A last-minute change in candidates in York County Council’s District 3 Republican primary hasn’t prevented county elections officials from offering absentee voters new ballots, county election director Wanda Hemphill said.
“It’s been a bumpy primary process,” she said, “but outside of that, everything seems to be in order and falling into place and running smoothly.”
York County will hold a Republican primary on June 12 in western York County’s District 3 and in District 5, which includes McConnells, southern Rock Hill, and eastern York County.
The District 3 ballot changed after York County Councilman Eric Winstead withdrew from the race following his second arrest for driving offenses since taking office last year.
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In May Winstead was arrested by officers at his home after driving his car off of a Chester County road. Accused of hitting a sign, Winstead was charged with leaving the scene of an accident and driving too fast for conditions. His court date is pending. Winstead was arrested in December and later pleaded guilty to drunk driving.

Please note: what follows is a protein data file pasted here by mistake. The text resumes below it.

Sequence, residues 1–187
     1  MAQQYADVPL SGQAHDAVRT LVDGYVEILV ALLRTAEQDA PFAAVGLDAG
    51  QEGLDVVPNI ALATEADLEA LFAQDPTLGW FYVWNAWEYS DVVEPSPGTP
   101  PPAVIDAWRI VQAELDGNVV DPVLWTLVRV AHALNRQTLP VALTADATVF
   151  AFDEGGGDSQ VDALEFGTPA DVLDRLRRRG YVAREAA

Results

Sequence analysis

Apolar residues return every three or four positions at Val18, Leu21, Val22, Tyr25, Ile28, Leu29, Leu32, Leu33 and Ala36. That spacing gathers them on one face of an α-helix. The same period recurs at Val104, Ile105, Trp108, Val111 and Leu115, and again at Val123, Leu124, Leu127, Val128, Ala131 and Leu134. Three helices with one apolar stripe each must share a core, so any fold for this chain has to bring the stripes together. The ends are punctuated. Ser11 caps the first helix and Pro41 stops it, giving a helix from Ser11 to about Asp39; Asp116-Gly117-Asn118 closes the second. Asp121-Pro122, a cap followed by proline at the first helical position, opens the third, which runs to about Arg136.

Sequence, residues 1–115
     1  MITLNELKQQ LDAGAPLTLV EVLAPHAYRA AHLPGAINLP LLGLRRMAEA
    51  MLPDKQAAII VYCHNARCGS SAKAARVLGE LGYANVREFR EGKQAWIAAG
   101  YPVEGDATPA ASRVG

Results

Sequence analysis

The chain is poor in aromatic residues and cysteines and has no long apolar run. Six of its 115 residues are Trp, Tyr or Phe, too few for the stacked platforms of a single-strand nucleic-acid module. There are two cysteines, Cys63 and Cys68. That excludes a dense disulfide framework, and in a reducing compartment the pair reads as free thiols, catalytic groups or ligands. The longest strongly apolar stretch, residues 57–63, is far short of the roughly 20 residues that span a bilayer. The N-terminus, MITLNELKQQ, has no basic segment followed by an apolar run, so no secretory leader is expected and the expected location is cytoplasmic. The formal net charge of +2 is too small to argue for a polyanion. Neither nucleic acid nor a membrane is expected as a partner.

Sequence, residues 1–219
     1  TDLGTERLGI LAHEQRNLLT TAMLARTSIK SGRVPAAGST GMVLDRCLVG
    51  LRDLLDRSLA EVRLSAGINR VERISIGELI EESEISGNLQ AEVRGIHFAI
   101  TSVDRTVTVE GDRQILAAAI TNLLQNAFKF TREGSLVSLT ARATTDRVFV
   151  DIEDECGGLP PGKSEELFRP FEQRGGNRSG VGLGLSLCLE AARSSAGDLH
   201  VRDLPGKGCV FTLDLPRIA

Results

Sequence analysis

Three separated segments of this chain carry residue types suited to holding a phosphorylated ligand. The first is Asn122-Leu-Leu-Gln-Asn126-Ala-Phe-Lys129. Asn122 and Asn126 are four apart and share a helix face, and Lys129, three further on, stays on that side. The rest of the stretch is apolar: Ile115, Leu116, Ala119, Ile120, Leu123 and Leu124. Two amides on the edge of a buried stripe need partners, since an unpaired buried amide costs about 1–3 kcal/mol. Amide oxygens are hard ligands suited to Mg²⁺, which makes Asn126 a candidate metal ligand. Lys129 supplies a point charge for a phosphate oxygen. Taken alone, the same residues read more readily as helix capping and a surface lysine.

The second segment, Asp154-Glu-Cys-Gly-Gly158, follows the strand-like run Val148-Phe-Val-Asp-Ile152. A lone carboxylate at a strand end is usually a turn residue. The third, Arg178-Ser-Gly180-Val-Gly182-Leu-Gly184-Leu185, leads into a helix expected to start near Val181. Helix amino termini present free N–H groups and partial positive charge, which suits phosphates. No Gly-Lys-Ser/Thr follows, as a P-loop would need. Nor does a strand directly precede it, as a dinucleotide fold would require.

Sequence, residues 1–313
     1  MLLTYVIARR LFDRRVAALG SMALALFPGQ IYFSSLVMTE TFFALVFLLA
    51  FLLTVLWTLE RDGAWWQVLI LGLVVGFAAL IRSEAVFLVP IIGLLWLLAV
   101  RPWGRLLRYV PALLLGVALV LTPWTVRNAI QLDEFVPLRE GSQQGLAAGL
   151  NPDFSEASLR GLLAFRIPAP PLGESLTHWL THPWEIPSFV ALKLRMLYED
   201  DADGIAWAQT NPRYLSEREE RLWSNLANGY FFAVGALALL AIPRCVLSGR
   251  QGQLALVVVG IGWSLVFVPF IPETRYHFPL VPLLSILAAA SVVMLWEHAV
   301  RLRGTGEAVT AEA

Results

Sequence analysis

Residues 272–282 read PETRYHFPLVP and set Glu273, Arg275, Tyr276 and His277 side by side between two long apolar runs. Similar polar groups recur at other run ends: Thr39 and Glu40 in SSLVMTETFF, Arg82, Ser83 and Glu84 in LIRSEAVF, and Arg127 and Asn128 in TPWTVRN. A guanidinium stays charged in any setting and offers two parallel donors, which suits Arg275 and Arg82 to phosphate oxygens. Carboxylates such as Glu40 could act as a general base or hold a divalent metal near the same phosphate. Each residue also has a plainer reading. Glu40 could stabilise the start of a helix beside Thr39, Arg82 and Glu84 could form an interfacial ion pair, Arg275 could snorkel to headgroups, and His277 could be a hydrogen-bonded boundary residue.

With Winstead’s withdrawal for what he called health reasons, the York County Republican Party seized upon a provision in state law that allowed the party to reopen filing.
In a half-day filing period, York’s Steve McNeely, a former York County councilman, filed to run for the District 3 seat against Republican Joe Cox, also a former councilman seeking to regain the seat he lost in 2010.
Following the York County GOP’s decision, county elections officials changed the ballot despite concerns about how best to deal with 80 absentee ballots that already had been sent out and some that already had been returned.
Elections workers reprinted and mailed out the absentee ballots along with an explanation of the ballot change a day after the GOP reopened filing, Hemphill said.
They were able to contact by phone a majority of absentee voters to inform them they would be receiving new ballots.
Of the 32 absentee voters who already had returned their ballots before the changes, the elections office has already received back 30 of the updated ballots. The other two voters are poll workers who are aware of the change, Hemphill said.
“We were really successful in making this work logistically and making sure the voters did receive an updated ballot,” Hemphill said. “I feel pretty positive about it.”